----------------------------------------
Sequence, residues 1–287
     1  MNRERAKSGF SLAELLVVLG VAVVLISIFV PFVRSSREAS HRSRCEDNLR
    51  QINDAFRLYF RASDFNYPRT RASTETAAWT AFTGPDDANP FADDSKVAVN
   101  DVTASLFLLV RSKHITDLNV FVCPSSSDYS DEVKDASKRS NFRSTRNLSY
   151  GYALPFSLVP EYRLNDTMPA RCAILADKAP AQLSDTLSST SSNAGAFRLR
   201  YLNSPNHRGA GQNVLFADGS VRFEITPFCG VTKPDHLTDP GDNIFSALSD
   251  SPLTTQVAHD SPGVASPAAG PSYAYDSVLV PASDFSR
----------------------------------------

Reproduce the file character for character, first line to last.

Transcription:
Sequence, residues 1–287
     1  MNRERAKSGF SLAELLVVLG VAVVLISIFV PFVRSSREAS HRSRCEDNLR
    51  QINDAFRLYF RASDFNYPRT RASTETAAWT AFTGPDDANP FADDSKVAVN
   101  DVTASLFLLV RSKHITDLNV FVCPSSSDYS DEVKDASKRS NFRSTRNLSY
   151  GYALPFSLVP EYRLNDTMPA RCAILADKAP AQLSDTLSST SSNAGAFRLR
   201  YLNSPNHRGA GQNVLFADGS VRFEITPFCG VTKPDHLTDP GDNIFSALSD
   251  SPLTTQVAHD SPGVASPAAG PSYAYDSVLV PASDFSR